I’ve read H. Ryder Haggard’s She and King Solomon’s Mines this week (mainly because She keeps appearing in Jung). She is apparently a best-selling but somewhat forgotten book. This is a shame as it’s an imaginative and well presented tragedy. A quote from Chapter XVI The Tombs of Kôr:
bq. Let him who reads forgive the intrusion of a dream into a history of fact. But it came so home to me—I saw it all so clear in a moment, as it were; and, besides, who shall say what proportion of fact, past, present, or to come, may lie in the imagination? What is imagination? Perhaps it is the shadow of the intangible truth, perhaps it is the soul’s thought.
In an instant the whole thing had passed through my brain, and She was addressing me.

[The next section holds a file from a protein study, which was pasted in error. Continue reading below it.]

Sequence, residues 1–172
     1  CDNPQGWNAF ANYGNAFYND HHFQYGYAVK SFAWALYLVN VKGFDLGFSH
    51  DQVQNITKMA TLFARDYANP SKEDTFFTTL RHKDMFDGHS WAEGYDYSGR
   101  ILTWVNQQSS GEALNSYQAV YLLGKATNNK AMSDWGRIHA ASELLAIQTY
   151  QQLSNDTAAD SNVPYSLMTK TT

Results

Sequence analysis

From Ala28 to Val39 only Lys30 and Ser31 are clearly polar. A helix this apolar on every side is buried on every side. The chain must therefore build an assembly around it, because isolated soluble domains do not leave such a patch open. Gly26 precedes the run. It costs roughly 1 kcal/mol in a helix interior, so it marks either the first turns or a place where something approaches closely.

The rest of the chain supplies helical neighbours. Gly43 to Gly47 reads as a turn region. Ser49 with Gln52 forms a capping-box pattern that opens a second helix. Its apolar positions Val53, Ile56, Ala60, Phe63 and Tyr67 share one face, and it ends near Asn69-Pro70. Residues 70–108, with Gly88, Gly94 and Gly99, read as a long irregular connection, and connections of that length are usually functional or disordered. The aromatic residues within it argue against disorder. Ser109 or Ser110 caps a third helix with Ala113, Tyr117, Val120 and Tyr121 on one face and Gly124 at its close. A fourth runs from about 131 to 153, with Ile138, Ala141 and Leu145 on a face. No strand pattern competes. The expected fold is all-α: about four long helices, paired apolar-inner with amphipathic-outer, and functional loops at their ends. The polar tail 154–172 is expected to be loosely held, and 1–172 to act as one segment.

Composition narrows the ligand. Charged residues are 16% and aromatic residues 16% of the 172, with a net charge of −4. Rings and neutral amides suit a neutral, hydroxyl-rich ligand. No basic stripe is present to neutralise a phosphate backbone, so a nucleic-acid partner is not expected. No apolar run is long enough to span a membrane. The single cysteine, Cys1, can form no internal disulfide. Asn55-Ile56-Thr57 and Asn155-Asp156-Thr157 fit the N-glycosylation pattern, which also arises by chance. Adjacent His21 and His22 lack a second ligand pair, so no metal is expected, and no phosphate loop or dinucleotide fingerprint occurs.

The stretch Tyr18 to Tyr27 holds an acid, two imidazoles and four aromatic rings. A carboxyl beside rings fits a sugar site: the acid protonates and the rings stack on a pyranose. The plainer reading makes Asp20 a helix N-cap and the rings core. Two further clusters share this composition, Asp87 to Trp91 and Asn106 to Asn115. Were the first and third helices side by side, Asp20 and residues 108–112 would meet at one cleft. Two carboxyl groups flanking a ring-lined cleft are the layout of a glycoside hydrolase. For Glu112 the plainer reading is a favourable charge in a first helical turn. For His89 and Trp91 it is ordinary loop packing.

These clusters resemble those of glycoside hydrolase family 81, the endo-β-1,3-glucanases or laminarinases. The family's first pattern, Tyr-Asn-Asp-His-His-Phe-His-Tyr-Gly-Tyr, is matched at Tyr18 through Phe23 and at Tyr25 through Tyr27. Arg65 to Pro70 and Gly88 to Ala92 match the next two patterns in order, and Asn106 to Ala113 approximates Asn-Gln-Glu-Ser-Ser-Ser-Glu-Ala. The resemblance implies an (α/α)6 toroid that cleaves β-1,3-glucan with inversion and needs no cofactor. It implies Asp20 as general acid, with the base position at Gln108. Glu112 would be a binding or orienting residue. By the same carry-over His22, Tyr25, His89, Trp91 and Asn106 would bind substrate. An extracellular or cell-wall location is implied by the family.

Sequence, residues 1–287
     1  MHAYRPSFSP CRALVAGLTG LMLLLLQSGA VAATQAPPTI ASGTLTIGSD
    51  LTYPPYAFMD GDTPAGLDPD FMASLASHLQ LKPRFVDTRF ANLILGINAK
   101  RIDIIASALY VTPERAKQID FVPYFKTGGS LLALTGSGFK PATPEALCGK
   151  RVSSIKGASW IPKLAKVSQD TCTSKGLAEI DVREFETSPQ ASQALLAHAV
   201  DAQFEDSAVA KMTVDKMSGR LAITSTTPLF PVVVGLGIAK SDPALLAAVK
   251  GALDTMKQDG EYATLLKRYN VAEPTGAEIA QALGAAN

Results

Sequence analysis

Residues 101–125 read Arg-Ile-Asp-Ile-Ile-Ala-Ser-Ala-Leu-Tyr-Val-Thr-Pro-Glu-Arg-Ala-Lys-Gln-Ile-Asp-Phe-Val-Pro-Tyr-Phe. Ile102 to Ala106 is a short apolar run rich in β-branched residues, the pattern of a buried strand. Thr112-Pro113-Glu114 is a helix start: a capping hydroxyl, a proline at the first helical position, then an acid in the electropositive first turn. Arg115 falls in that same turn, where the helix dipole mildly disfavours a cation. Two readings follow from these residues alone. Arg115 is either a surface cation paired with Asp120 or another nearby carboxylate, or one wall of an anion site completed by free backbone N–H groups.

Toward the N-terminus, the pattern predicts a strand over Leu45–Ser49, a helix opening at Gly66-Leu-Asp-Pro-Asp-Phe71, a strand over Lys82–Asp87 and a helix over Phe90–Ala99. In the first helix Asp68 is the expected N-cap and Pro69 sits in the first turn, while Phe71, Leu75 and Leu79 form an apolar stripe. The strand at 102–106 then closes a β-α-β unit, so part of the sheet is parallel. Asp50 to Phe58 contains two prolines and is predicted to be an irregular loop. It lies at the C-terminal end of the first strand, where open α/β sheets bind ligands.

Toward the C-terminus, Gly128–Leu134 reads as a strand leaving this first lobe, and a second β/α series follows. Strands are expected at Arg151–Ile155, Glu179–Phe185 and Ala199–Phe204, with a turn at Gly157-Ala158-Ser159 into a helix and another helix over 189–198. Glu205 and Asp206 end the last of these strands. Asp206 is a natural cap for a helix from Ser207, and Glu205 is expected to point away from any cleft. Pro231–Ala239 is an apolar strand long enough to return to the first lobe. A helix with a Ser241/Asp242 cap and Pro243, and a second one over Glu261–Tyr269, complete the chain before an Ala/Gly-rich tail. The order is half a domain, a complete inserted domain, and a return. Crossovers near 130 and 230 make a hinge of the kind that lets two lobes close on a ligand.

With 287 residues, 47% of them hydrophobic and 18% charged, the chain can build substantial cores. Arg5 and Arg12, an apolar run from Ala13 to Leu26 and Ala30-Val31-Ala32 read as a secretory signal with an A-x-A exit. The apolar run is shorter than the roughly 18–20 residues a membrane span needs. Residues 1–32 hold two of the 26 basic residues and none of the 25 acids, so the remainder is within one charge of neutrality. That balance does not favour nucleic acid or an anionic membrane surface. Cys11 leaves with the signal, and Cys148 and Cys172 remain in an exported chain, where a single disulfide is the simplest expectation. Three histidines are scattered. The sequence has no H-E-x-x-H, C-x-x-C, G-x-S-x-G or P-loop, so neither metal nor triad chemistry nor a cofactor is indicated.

“Behold the lot of man,” said the veiled Ayesha, as she drew the winding sheets back over the dead lovers, speaking in a solemn, thrilling voice, which accorded well with the dream that I had dreamed: “to the tomb, and to the forgetfulness that hides the tomb, must we all come at last! Ay, even I who live so long. Even for me, oh Holly, thousands upon thousands of years hence; thousands of years after you hast gone through the gate and been lost in the mists, a day will dawn whereon I shall die, and be even as thou art and these are. And then what will it avail that I have lived a little longer, holding off death by the knowledge that I have wrung from Nature, since at last I too must die? What is a span of ten thousand years, or ten times ten thousand years, in the history of time? It is as naught—it is as the mists that roll up in the sunlight; it fleeth away like an hour of sleep or a breath of the Eternal Spirit. Behold the lot of man! Certainly it shall overtake us, and we shall sleep. Certainly, too, we shall awake and live again, and again shall sleep, and so on and on, through periods, spaces, and times, from aeon unto aeon, till the world is dead, and the worlds beyond the world are dead, and naught liveth but the Spirit that is Life. But for us twain and for these dead ones shall the end of ends be Life, or shall it be Death? As yet Death is but Life’s Night, but out of the night is the Morrow born again, and doth again beget the Night. Only when Day and Night, and Life and Death, are ended and swallowed up in that from which they came, what shall be our fate, oh Holly? Who can see so far? Not even I!”